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Game of Drones: Trespass, Privacy, and Security in the Drone Market in India

Senior journalist and communication strategist, A subject matter expert on bureaucracy, governance, PSUs, start-ups and policy matter.
Oct 19, 2018 4:20 AM 3 min read
Editorial

Editor's Comment: This is the second and final part of the series, Game of Drones, deliberating the scope of the nascent drone market in India in light of recent regulations directing their commercial and personal use.

 

While part one touched upon the potential and size of drone markets in India, this article focuses on how DGCA's new policy framework, while intended to tap the myriad opportunities out there, misses some key provisions around trespass, privacy, and security.

 

Experts opine that though Directorate General of Civil Aviation's (DGCA’s) latest rules and requirements around drones in India (effective from December 2018) is a welcome step, it sidesteps several important issues.

 

 

Trespassing and Privacy

 

The guidelines are muted on the complex and intricate issue of trespassing and privacy.

 Drone market in India

At what point is a drone flight considered to be a trespass? The rules define permission/consent of a land/property owner within the limited scope of take-off and landing. What about when a drone conducts a fly-by through your property?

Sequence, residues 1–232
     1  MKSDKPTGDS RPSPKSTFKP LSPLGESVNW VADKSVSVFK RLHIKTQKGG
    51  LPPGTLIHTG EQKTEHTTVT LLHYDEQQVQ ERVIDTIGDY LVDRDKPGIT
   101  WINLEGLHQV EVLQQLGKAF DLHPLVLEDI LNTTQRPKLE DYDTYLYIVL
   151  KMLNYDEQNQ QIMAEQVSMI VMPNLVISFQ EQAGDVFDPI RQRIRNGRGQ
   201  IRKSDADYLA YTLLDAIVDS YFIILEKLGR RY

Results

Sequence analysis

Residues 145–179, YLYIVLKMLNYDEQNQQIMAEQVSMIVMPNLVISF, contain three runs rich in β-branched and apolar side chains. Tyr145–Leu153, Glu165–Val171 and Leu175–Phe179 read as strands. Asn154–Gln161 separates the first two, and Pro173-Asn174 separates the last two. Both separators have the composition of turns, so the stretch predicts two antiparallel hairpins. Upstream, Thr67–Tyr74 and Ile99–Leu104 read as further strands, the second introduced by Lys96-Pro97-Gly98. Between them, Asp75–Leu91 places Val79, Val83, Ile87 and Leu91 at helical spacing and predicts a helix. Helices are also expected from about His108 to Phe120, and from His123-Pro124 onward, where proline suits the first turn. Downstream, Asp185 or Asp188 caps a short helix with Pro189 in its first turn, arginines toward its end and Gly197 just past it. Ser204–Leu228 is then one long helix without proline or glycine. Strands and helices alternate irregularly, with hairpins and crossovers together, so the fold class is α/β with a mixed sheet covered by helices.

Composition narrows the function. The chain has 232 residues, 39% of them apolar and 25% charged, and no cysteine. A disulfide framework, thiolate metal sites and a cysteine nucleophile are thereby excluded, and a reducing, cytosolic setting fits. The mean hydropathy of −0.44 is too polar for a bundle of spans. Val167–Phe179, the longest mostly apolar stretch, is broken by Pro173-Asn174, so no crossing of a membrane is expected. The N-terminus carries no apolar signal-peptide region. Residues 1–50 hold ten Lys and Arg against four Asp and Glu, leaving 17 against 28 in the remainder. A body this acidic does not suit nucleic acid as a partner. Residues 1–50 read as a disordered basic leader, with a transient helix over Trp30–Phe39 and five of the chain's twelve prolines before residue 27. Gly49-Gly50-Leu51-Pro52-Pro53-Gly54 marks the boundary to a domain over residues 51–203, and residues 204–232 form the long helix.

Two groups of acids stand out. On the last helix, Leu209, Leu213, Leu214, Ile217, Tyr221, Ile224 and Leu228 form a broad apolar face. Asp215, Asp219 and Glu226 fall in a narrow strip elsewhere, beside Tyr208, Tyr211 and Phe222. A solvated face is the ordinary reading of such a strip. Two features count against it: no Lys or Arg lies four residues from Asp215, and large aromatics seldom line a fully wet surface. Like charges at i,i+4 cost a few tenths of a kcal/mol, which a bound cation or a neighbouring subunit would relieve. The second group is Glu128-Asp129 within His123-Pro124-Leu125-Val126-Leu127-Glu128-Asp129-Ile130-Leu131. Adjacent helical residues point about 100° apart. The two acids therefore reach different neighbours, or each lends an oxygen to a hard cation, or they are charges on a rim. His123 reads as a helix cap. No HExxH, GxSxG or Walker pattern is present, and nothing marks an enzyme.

Most UAVs are installed with cameras transmitting footage in real-time. Operators may frequently find themselves embroiled in cases of unintended infringement of privacy. Besides, with technological advancements in sound recording and data capture, experts fear drones in India could be misused in invasive snooping. It would take more than a single clause (12.21) in 37-page document to provide adequate safeguard against this risk. In Japan, UAVs are required to maintain more than 30 metres of distance from people and objects. Violations of the clause will attract a fine of up to $4,000. India can perhaps take a cue from Japan in this regard.

 

Accidents

 

The rules specify an aerial height of 50-ft to 200-ft in which drones can fly to prevent interference with operations of commercial airliners. However, it only lightly addresses the threats posed in case of collision between UAVs or with a third-party leading to loss of life or property, aside from the requirement of operators to get insurance. There is hardly any detail or data on possible real-life scenarios, its implications, and modes of redressal.

 

There is no mechanism ensured in the proposed regulations which provide for safe operation of drones at low altitudes or guarantee zero interference between two UAVs within each other’s operations. With the number of drones rising, this gap will become alarmingly glaring in the future.

 

Security

 

UAVs can be vulnerable to hacking and require adequate software security protocols, something omitted within the rules. Malicious software and spyware can be easily implanted in drones and without adequate quality control, observers say, it is not possible to validate the digital security mechanisms of these vehicles. Food for thought for DGCA.

drone market in India 

The Way Forward

 

With the government moving ahead with the implementation of the drone policy, a big opportunity awaits the Indian UAV industry. However, at the same time privacy, security and regulatory concerns raised by experts cannot be ignored. These issues need to be carefully addressed. Also, India must study the prevailing drone policies of other nations and adopt their best practices in order to create an effective governance regime for drones in India.

 

FIN.

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